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Many physicians are women, but the male physician stereotype persists. When a reader requested a more gender neutral example of work-life challenges, here's what we said.
My recent blog on helping physicians deal with the inevitable stress in their lives elicited several comments. The most interesting one took me to task for my stereotypical example of a physician feeling pressure from all sides:
Rewrite your example. This is stereotyping the male physician with a dependent wife at home with kids relying on his income. 50 percent of medical students are now women. Why not be more creative? Dual career? Female physician with a teacher husband and nanny and kids.
My first reaction was "busted." My second was to explain that I only had room for a single example. (Note: An impulse to explain yourself in response to criticism is always a good indication that the criticism is essentially fair.) The third reaction took some time to bubble up, as I tried to come up with a good example that addressed the stressful environment that confronts female physicians.
The male example had been easy, precisely because it was a stereotype. As a female observing the situation of many male physicians, I was on the outside looking in and oblivious to nuance. Developing an example of a female physician confronted with professional and personal stressors was much more difficult. There was no way I could come up with a single exemplar demonstrating what women physicians deal with in about 200 words.
The reason was that I know too much about their lives. I am not a physician, but I have been a business woman with a demanding job, a husband whose profession demanded a lot of time and placed him under a great deal of stress, two small children who needed a softer me than was appropriate for my subordinates and peers, a house we could almost afford, no recreational time for myself, and feeling guilty because the priority at dinner was "quick, easy, and no arguments." And don't even get me started on the needs for professional development, networking, business development, physical exercise, and time to rest, reflect, and bake cookies.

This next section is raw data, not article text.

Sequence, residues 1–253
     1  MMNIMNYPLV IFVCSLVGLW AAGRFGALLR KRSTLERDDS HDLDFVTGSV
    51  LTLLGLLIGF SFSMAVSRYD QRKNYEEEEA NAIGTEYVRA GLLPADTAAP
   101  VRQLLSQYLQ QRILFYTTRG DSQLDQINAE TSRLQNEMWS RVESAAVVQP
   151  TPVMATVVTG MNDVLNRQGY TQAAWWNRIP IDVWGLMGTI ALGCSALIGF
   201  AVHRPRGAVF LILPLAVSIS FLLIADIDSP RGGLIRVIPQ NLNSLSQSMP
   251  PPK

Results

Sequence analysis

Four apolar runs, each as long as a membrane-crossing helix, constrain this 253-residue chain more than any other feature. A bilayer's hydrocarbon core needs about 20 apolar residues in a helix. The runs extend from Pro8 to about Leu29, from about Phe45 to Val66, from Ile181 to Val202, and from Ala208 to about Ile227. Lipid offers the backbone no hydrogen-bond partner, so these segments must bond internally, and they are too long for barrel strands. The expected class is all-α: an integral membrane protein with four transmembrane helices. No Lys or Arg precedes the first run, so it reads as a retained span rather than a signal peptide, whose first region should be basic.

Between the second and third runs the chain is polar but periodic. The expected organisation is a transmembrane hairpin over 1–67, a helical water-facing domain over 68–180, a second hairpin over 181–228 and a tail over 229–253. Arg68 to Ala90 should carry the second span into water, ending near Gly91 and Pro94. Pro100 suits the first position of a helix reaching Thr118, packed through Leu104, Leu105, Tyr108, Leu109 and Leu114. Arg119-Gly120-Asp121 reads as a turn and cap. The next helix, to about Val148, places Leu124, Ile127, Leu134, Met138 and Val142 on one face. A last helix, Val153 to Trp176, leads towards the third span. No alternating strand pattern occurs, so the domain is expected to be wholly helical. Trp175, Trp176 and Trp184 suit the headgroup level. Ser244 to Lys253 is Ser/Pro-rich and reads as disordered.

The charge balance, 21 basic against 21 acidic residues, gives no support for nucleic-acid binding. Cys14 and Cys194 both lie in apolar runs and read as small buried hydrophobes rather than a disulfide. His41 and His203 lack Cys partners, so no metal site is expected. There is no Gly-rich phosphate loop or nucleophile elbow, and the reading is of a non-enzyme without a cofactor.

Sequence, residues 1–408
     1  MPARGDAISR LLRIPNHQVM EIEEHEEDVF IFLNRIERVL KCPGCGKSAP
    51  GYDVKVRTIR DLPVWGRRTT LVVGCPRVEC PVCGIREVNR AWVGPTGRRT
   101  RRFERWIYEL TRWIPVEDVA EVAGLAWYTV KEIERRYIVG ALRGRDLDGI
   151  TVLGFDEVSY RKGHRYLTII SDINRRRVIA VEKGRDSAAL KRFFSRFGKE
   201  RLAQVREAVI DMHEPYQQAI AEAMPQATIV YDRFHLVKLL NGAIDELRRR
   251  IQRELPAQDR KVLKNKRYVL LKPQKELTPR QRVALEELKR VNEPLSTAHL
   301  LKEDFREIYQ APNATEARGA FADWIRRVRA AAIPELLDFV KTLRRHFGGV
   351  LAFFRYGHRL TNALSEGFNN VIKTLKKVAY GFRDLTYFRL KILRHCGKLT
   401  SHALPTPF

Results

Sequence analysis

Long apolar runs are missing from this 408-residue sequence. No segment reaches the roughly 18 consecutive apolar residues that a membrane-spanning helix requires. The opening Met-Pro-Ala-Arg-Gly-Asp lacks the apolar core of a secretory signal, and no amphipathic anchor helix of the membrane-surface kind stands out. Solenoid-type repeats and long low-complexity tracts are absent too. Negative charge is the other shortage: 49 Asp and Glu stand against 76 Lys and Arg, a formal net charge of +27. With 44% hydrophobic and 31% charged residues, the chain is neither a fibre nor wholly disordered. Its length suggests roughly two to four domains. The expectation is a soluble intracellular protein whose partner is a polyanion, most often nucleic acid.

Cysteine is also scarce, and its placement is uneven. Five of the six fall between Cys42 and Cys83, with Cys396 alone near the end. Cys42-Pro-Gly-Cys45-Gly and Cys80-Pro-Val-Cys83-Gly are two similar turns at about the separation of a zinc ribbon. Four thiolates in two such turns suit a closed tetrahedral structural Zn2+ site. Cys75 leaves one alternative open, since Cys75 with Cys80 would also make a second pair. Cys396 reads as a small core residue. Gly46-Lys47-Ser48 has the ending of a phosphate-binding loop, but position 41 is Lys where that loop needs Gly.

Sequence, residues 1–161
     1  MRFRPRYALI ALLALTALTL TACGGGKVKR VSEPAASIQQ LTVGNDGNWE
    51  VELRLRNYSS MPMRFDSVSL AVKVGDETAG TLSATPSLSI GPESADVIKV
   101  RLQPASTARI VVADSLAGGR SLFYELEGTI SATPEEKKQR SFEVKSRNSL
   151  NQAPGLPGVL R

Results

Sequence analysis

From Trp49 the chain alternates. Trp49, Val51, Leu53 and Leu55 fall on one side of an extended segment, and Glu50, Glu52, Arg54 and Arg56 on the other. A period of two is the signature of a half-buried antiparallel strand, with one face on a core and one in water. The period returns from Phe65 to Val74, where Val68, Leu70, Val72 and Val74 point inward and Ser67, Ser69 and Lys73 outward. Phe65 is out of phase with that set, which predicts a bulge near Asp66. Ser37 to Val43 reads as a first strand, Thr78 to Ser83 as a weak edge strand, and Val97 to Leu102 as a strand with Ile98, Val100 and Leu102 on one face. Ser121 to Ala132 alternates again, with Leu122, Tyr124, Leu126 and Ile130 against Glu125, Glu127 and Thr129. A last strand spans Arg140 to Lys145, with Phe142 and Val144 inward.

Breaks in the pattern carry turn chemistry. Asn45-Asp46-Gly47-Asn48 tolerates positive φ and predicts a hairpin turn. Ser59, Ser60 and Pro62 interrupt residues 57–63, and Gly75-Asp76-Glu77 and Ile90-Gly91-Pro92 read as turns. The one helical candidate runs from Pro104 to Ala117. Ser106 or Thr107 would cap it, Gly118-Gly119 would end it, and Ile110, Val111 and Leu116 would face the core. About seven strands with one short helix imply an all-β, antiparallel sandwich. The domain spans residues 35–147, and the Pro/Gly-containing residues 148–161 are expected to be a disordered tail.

After close to 100 words, I may be close to describing one person's life, but I still lack plausible scenarios to demonstrate the applicability of the seven principles I suggested for dealing with stress. More problematic, the woman I described represents only one archetype of a modern American woman.
All of this led me to an eighth principle that can help stressed out physicians, male and female:
No. 8: Develop a close relationship with at least one other person in a similar situation.
A primary human need is to be known and understood, to be seen as a three-dimensional person instead of a stereotype. The most obvious benefit is to have someone who really understands your life, and to say "poor baby" or something similar, at the appropriate moments. Just as important is having someone who can help you verbalize and prioritize your wants and needs, and make decisions informed by the knowledge that you cannot have it all, at least not all at the same time. A supportive spouse is a wonderful thing. You also need an ally and sounding board outside of the marriage, precisely because your relationship with your spouse is so important.